World Energy Outlook: Oil, Gas Will Account for Over Half of World’s Energy by 2040


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Oil and gas will account for over half of the world’s energy by 2040, according to BP’s latest Energy Outlook.

Oil and gas will account for over half of the world’s energy by 2040, according to BP plc’s latest Energy Outlook.


The outlook’s ‘evolving transition’ scenario highlights that demand for oil will grow over much of the period to 2040 before plateauing in later years. All the demand growth is said to come from emerging economies, with the growth in supply driven by US tight oil in the early part of the outlook. OPEC is said to take over from the late 2020s as Middle East producers adopt a strategy of growing market share.

The transport sector will continue to dominate global oil demand, according to BP, accounting for more than half of the overall growth. Most of the growth in energy demand from transport, which flattens off towards the end of the outlook, comes from non-road (largely air, marine, and rail) and trucks, with small increases from cars and motorbikes. After 2030, the main source of growth in the demand for oil is from non-combusted uses, particularly as a feedstock for petrochemicals.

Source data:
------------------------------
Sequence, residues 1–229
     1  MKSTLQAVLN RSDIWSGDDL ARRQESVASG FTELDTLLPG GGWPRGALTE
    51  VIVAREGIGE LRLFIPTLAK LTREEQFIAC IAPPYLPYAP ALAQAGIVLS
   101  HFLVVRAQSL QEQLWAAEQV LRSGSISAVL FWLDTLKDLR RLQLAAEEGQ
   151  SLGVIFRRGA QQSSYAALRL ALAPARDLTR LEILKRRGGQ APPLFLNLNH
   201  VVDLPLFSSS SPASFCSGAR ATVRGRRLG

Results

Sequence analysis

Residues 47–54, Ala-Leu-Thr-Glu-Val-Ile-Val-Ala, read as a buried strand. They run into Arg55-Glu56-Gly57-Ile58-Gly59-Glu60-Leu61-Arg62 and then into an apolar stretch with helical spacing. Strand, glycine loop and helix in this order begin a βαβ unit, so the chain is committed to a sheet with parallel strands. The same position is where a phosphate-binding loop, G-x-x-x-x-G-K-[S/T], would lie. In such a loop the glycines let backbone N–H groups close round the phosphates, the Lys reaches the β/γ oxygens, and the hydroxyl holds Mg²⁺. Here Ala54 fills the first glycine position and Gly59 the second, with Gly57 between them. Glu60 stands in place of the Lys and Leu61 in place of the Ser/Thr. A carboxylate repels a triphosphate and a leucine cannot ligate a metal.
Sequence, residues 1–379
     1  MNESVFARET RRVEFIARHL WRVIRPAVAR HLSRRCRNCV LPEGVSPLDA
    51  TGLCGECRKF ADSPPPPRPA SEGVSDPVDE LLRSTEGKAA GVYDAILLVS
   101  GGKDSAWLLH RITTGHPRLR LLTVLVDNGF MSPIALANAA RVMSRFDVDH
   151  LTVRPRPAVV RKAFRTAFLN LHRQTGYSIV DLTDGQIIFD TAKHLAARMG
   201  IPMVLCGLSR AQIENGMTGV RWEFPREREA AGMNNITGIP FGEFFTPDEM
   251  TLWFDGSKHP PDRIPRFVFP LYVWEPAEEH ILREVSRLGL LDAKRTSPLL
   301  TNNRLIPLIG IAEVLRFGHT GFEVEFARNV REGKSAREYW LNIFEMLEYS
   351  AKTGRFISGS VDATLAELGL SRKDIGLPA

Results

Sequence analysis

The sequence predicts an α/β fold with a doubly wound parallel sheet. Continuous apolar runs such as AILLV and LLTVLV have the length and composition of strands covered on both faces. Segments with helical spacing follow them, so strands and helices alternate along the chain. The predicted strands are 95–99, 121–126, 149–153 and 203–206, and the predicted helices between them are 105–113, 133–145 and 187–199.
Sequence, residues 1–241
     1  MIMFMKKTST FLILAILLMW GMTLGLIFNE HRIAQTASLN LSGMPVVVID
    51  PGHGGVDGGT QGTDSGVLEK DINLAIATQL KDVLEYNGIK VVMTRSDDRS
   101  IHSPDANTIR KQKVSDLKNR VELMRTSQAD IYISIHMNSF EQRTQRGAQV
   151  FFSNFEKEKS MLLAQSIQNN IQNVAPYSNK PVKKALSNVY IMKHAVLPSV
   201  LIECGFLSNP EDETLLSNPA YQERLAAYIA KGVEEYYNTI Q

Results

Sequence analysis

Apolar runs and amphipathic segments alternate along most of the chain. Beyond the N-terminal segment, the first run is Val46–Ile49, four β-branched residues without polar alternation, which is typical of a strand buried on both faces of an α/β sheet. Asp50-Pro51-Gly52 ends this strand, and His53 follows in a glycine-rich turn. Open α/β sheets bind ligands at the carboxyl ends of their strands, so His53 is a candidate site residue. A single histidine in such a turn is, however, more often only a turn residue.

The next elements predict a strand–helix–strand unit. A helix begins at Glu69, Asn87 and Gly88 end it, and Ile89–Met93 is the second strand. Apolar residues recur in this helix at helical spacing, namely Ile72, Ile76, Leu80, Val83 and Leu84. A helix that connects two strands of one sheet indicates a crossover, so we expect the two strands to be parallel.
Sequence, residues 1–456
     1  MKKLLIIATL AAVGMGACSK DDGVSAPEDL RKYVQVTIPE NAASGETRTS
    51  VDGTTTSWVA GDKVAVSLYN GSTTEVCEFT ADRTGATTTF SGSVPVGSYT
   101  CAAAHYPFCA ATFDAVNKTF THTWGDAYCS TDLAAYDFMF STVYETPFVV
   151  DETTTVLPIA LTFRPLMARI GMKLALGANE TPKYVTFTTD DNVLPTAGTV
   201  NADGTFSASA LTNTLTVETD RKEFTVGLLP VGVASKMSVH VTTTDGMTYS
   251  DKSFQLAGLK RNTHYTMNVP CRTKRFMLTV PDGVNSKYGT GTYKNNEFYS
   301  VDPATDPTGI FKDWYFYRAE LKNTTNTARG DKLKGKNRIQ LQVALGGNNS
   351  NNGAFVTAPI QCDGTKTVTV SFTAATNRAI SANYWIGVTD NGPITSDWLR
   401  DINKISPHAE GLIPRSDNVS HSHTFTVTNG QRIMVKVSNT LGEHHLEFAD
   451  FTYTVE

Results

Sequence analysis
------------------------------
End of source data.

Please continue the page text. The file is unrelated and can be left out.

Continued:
Natural gas demand is anticipated to grow strongly over the period, according to the scenario, overtaking coal as the second largest source of energy. By 2040, the US is said to account for almost one quarter of global gas production, with global LNG supplies more than doubling.

“Under most scenarios we look at oil demand continues to grow over the next 15-20 years, the underlying story there is fast growth in developing economies,” BP Group Chief Economist Spencer Dale said in a BBC Radio4 interview on Wednesday.

BP Group Chief Executive Bob Dudley said BP’s strategy has to be resilient and adaptable to significant changes in the energy industry.

“This outlook considers the possible implications of some of these changes and helps inform our long-term planning. We cannot predict where these changes will take us, but we can use this knowledge to get fit and ready to play our role in meeting the energy needs of tomorrow,” Dudley said in a company statement. source:


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